Elfie Hopkins (2011)

Review first published in S&S Jun 2012. Note that the final paragraph of this review was cut from the print version.

Elfie Hopkins

Synopsis: Thorntree Valley, England. Self-appointed village sleuth Elfie Hopkins and her geeky best friend Dylan Parker decide to investigate their new neighbours the Gammons – Charlie, Isabel and twin teenaged children Elliott and Ruby – their suspicions raised by Charlie’s large collection of professional knives (left with local butcher Bryn to sharpen) and some strange nocturnal goings-on. As the Jenkins family leaves on a bespoke package holiday designed for them by the Gammons, Dylan’s research reveals a trail of missing persons left in the Gammons’ wake. Elfie and Dylan chance upon the bloody scene of the Jenkins’ deaths (minus the corpses), and flee as the twins approach. Returning with Elfie’s stepmother Susannah, they find that the Gammons have already summoned Constable Kelly, who has arrested local Michael, known for his grudge against Timothy Jenkins. Elfie’s recriminations against the Gammons are ridiculed.

Elfie deduces from the Gammons’ past missionary work with a Papua New Guinean tribe that they are a family of cannibals, even as the Gammons kill and devour local Pippa – but no-one believes Elfie’s accusations except lovesick Dylan, who sneaks into the Gammons’ garage and discovers human body parts. Ruby captures Dylan but, confused by her own amatory feelings, spares him. Charlie stabs Dylan’s father in front of Elfie, and then the Gammons murder Elfie’s father and Susannah. Now armed, Elfie shoots Elliott and bludgeons Isabel to death. Dylan cuts Ruby’s throat as she is about to smother Elfie. Charlie is poised to scythe Elfie when Bryn shoots him in the back.

Dylan leaves for university.

Review:

“I gave you your biggest case – you’re nothing without me, I MADE YOU!”

Near the end of Elfie Hopkins, anthrophagous patriarch Charlie Gammon (Rupert Evans) shouts these words at the film’s eponymous heroine (Jaime Winstone). The line is both posturing cliché and non sequitur, implying Charlie is somehow the Moriarty to Elfie’s Holmes, or the Joker to her Batman, when in fact he is nothing of the sort – and Elfie, self-appointed amateur sleuth in a sleepy village that does not need one, is hardly the world’s greatest detective either, inspired more by marijuana and guilt over her mother’s death than by any actual crimes. When the exotic Gammon family moves in next door, Elfie inevitably opens a new investigation – but although, even before you can say Rear Window (or Fright Night, or The ‘Burbs, or Disturbia), Elfie’s vague and entirely capricious suspicions are already beginning to look well-founded, they are nonetheless rooted less in genuine skills of detection than in misdirected teen insolence, fantastic (i.e. unbelievable) leaps of intuition, and the blindest of coincidences.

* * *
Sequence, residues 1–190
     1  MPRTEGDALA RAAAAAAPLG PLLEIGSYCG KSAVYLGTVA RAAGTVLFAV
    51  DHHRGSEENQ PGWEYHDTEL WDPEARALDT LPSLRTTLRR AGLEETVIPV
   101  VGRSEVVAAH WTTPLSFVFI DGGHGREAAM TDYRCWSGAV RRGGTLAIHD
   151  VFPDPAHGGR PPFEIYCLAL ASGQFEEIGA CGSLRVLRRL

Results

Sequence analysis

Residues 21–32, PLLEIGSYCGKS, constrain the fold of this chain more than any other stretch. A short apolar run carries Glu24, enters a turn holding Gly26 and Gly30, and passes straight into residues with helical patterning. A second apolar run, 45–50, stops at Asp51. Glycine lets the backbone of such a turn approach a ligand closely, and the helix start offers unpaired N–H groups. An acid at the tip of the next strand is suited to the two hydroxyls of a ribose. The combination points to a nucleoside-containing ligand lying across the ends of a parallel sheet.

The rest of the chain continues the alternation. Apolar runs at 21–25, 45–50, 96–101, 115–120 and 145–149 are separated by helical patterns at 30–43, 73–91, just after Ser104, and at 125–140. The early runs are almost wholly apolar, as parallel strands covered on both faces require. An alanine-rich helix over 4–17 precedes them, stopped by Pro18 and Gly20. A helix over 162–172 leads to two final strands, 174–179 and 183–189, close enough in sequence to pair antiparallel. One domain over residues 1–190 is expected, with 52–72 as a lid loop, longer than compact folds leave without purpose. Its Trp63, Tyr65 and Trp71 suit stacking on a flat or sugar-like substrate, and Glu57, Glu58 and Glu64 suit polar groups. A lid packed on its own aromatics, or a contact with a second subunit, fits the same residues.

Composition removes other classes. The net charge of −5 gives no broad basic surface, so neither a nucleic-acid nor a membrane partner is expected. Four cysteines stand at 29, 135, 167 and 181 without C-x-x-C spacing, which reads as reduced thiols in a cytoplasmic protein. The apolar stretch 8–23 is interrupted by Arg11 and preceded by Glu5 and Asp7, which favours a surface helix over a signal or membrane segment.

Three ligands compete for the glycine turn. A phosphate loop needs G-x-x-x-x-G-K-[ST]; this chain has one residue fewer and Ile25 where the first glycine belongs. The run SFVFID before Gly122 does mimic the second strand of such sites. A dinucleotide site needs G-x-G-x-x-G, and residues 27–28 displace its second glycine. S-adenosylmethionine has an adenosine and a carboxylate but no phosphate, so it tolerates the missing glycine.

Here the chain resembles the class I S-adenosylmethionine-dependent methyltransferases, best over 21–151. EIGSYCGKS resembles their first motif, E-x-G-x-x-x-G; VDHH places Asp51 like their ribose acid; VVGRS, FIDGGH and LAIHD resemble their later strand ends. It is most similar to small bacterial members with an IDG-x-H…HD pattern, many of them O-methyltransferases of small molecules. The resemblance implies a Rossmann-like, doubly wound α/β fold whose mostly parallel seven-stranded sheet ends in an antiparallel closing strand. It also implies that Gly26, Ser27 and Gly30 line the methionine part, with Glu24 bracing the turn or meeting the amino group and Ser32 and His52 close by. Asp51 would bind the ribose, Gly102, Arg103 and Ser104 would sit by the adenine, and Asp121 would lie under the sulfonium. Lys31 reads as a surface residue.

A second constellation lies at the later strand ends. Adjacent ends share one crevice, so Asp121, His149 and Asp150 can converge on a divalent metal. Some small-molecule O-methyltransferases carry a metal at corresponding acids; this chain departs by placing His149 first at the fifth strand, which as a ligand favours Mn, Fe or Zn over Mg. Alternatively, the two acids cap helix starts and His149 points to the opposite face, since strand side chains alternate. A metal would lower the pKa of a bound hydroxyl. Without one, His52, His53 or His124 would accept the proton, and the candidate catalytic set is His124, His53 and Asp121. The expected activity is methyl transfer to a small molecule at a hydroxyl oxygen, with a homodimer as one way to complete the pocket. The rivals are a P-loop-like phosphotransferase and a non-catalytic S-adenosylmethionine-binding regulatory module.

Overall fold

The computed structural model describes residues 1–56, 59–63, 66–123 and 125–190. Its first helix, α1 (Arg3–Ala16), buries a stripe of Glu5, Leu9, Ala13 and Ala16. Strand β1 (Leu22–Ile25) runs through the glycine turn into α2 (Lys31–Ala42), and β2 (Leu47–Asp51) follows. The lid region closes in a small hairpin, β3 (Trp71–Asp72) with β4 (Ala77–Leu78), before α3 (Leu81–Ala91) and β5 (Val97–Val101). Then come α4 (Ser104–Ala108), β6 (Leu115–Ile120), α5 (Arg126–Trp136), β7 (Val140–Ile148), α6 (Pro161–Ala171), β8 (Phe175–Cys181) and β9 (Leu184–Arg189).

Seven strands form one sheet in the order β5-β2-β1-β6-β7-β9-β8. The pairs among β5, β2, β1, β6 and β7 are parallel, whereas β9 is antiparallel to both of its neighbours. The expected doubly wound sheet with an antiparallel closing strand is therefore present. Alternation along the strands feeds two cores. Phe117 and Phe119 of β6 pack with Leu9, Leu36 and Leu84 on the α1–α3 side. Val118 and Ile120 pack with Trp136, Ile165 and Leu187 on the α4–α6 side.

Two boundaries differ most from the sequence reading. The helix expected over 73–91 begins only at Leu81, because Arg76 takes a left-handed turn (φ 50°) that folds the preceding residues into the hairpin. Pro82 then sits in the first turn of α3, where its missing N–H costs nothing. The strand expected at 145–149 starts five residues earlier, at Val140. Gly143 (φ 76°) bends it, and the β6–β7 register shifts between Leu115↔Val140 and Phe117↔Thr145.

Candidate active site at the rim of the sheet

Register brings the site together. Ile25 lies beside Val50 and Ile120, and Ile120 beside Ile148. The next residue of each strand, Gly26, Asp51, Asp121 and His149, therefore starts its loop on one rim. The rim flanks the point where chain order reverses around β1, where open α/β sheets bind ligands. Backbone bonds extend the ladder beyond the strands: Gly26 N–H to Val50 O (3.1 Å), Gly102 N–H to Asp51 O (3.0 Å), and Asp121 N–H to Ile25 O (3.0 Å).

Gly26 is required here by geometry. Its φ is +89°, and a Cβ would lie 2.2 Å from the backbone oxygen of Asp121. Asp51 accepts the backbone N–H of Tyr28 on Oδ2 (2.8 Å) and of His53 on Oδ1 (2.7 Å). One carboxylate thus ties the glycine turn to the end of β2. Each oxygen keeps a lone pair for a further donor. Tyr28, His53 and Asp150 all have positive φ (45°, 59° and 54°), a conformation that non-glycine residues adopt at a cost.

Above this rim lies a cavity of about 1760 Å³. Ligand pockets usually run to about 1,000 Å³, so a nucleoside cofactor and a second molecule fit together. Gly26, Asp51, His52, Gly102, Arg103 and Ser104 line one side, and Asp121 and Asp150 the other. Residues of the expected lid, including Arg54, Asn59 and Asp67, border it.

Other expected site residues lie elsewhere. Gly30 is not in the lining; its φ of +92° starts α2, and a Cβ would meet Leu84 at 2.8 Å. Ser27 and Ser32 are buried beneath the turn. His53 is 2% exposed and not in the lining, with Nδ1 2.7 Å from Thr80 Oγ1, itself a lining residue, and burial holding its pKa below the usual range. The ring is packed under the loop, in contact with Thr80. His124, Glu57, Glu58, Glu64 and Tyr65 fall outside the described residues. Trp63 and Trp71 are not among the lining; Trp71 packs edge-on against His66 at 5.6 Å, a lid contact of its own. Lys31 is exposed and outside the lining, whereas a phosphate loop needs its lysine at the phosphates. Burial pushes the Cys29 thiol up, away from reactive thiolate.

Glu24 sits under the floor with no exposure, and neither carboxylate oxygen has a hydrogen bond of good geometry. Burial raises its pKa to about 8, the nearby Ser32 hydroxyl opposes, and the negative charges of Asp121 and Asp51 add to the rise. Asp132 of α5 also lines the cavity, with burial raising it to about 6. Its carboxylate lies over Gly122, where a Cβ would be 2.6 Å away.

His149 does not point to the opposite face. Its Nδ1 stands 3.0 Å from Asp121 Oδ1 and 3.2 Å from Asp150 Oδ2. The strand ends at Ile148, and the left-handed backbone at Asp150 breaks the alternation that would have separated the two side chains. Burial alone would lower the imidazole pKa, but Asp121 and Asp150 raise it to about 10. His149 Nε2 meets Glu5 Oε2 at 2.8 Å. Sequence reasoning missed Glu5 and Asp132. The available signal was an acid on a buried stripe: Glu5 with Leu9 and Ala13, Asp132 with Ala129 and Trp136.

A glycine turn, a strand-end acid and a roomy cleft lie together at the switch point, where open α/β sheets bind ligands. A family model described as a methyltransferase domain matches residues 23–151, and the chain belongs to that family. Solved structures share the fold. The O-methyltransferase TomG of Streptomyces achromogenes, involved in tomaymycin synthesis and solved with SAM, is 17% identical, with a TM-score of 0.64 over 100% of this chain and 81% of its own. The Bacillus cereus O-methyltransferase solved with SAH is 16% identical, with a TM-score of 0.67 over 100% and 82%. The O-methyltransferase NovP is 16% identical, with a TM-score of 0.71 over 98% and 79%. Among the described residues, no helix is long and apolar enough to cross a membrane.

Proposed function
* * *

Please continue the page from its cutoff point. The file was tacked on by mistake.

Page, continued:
Desultoriness reigns in Ryan Andrews’ debut feature, lost somewhere between the hallucinatory haze of Elfie’s altered perceptions and the shortcomings of the screenplay (co-written with Riyad Garmania, who also collaborated on Andrews’ 2011 short Little Munchkin). Elfie Hopkins plays pass-the-parcel with genre, never settling on a coherent tone, and utterly gutting its chances of keeping the viewer engaged. As a comedy, it leaves broad, cartoonish characters (like Butcher Bryn, played by Winstone’s father Ray) in desperate need of punchlines. As a drama, it limns a traumatic backstory for Elfie that goes nowhere – and it fails to draw complexity, sympathy or even interest from its protagonist’s many flaws. As a satire, it vividly stages the exploitation of ‘dead-end’ rural communities by urban yuppies wanting a taste of the countryside – but does not bite deep enough to leave much of an impression. As a horror, it delivers grotesquerie and gore, but without ever actually frightening. As a detection thriller, it reveals the Gammons’ culpability too early to generate tension, and presents a process of discovery too arbitrary to be satisfying, as its hard-toking heroine sleeps through stakeouts, misses vital clues and generally breaks all the conventions of the gumshoe movie without once lighting upon a better alternative. By the time Elfie has suited up to confront her opponents in full ‘action girl’ mode, narrative integrity has long since been abandoned for meandering pastiche. Nothing here can be taken seriously, and yet none of it is funny either.

The outlandish visuals of Elfie Hopkins do, however, come into their own, from the sepia-toned filtering of the opening scenes to the Gammons’ peacockish costumes and some surreal set-dressing (often shot tableau-style with foregrounded characters facing the camera). If such striking stylization were anchored to a more disciplined script, then the result might be one of which any filmmaker – even a cannibalising one like Andrews – could proudly say, “I made you.”

Anton Bitel